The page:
The UN's International Panel on Climate Change is an interdisciplinary expert body comprised of leading scientists who study climate change; they issue periodic reports summarizing the best peer-reviewed science on climate change and making recommendations as to what must be done to avert the most catastrophic outcomes; their latest report is the gravest yet, where even the most optimistic projections of the panel predict disruption and hardship for tens of millions of people, within our lifetimes.
That is the most optimistic projection, based on the assumption of an immediate, drastic retooling to reduce greenhouse gas emissions which will hold warming at 1.5' C. A median projection, with temperatures rising to 2' C, involves trillions more in damage and hundreds of millions more people having to migrate, facing extreme weather events and pandemics, and suffering through famines and water shortages.
I have had stories about this report in my feed for days and haven't been able to bring myself to write about them, not even to read them in depth. It's hard not to read this and be gripped by despair.
But something I heard recently made me feel hope. On the latest Intercepted podcast, NYU history professor Nikhil Pal Singh finishes an address on the history of American empire by saying that Trump — and the looting, reckless, destructive ideology he embodies — may not be the beginning of a new, bloodier era of American carnage, but the last blast of the dying regime, the turning point for a better world.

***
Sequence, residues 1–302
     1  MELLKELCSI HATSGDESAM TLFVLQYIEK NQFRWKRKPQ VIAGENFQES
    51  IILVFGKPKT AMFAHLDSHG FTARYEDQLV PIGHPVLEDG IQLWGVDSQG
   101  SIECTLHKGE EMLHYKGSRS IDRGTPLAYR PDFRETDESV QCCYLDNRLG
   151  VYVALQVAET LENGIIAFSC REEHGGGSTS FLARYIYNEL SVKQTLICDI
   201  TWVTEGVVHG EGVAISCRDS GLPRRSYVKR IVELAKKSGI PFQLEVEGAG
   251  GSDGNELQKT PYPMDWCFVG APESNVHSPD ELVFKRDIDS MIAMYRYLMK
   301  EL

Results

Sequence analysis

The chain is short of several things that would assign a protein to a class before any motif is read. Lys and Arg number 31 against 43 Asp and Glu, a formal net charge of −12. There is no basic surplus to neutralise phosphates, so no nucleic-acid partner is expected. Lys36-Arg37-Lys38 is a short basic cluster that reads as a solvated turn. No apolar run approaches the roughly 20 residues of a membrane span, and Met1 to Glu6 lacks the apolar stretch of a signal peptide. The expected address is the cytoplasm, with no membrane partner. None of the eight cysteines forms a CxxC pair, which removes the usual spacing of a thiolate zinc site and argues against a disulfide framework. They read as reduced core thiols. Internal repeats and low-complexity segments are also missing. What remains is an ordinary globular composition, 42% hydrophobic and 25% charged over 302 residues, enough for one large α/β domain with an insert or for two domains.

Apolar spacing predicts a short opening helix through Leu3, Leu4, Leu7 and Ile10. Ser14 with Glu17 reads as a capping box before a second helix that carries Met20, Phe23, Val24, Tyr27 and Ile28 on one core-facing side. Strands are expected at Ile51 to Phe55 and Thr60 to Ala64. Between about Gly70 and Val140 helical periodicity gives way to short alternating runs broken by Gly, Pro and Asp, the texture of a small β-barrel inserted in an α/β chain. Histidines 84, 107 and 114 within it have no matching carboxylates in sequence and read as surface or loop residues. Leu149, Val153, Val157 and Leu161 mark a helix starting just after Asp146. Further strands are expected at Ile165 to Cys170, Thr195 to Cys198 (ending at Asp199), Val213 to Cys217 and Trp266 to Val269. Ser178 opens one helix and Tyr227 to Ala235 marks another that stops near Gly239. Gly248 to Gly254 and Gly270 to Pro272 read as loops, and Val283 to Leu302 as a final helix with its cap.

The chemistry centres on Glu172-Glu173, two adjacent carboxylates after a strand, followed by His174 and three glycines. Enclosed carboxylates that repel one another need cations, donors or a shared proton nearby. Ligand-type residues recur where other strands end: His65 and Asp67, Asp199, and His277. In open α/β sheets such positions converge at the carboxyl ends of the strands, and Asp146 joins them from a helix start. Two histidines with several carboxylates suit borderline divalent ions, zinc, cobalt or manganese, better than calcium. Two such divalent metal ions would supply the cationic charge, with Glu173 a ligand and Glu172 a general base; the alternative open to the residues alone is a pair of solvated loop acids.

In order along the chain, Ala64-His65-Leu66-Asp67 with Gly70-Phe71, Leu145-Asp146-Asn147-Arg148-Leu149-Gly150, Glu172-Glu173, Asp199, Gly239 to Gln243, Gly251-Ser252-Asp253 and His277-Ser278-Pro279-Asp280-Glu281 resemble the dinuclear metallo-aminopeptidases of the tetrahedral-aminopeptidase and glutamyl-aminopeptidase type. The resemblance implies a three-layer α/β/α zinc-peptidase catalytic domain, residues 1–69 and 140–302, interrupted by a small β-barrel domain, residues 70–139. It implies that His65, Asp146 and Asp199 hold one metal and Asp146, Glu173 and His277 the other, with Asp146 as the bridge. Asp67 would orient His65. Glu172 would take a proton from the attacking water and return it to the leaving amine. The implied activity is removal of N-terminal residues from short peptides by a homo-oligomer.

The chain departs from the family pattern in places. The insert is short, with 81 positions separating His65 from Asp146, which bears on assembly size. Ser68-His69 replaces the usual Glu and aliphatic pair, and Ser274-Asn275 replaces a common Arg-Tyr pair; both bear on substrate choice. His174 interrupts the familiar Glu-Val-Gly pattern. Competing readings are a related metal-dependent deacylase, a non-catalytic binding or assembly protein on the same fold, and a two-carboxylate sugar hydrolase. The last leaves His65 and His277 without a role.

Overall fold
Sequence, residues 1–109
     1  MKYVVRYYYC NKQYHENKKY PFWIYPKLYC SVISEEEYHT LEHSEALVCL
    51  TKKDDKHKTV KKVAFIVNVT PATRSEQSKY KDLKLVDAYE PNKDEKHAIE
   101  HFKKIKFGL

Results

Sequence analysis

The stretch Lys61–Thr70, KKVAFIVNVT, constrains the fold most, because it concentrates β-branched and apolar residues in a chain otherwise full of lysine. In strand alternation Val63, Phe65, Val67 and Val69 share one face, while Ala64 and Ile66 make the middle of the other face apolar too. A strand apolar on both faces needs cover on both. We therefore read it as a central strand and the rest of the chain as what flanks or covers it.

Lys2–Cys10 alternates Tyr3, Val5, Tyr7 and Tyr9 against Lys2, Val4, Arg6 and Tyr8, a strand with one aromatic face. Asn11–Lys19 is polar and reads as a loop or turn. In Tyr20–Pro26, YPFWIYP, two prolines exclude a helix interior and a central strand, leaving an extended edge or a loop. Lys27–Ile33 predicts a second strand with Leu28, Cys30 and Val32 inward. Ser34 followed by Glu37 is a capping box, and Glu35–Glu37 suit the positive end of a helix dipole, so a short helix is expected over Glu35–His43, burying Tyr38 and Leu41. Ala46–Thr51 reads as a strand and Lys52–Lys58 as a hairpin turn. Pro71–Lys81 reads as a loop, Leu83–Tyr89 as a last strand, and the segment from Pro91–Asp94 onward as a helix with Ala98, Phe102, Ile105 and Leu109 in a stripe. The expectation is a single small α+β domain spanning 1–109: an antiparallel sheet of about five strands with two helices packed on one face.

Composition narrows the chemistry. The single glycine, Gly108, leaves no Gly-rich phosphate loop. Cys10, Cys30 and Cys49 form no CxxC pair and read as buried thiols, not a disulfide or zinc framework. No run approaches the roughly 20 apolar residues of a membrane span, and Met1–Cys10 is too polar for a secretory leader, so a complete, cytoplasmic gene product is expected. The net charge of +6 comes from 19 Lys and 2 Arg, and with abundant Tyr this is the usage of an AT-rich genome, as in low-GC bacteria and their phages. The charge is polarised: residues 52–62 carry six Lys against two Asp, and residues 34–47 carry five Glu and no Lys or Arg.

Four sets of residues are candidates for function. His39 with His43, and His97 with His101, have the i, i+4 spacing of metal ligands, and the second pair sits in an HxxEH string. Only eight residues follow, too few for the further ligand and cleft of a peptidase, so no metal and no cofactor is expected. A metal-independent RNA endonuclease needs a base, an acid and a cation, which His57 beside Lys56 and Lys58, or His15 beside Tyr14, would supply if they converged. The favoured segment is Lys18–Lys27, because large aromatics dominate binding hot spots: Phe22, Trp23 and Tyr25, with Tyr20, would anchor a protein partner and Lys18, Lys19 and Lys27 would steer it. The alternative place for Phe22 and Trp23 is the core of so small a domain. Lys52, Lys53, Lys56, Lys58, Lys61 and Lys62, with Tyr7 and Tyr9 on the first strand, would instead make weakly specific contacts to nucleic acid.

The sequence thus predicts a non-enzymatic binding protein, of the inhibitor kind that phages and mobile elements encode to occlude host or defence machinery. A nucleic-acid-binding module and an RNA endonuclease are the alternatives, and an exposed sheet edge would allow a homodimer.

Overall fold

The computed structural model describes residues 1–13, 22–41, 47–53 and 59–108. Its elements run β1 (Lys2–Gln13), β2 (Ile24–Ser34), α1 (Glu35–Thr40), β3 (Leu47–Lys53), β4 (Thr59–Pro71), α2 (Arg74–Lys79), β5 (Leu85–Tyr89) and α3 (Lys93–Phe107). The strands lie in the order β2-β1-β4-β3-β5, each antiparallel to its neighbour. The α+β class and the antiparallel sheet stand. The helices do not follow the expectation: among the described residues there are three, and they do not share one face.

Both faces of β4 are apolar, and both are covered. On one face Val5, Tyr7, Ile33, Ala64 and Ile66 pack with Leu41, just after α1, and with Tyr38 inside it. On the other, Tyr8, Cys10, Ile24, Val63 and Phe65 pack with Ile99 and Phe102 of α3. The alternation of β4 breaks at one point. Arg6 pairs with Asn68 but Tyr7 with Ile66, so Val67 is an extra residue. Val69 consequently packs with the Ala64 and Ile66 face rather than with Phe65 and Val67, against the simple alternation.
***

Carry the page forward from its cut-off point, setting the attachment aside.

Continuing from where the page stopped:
That's not an automatic thing: the existence of a despicable, oligarchic politics committed to all forms of rape — individual, planetary, workplace — does not automatically lead to an uprising and a better world. Turning points aren't historical, they're human. They're made up of people taking action, sacrificing, paying attention, holding to account.
We have a month until the midterms. There is no midterm outcome that will, on its own, avert climate change. But a midterm result that puts the entire political and ruling class on notice, that emboldens the people, might be the turning point that we look back on and say, "That was the day things started to change."
A key point to remember is that while we talk about climate change in terms of averages, buried in those averages are extremes: more frequent and intense heat waves. More damaging storms. Higher oceans. These events can have a compounding effect that costs society far more than lost lives and damaged property from the disasters themselves. Coastal flooding can create a refugee crisis which in turn can drive armed conflicts, for example.
That's why, as my colleague David Roberts explained, 2°C of warming is way worse than 1.5°C. It would increase sea levels by another 4 inches (10 centimeters) on average. It would knock down global wheat production by 7 percent. It would increase the intensity of severe rainfall events by 2 percent. "Adaptation is expected to be more challenging for ecosystems, food and health systems at 2°C of global warming than for 1.5°C," according to the IPCC.
Zooming in to specific regions, 2°C would cause freshwater availability drop by twice as much in the Mediterranean as it would under a 1.5°C warming scenario. Some of the most densely populated regions of the world like Southeast Asia face far greater crop declines with an additional 0.5°C of warming. By 2100, limiting the global average temperature increase to 1.5°C would avert 150 million premature deaths.
GLOBAL WARMING OF 1.5' C [IPCC]
A major new climate report slams the door on wishful thinking
(via Naked Capitalism)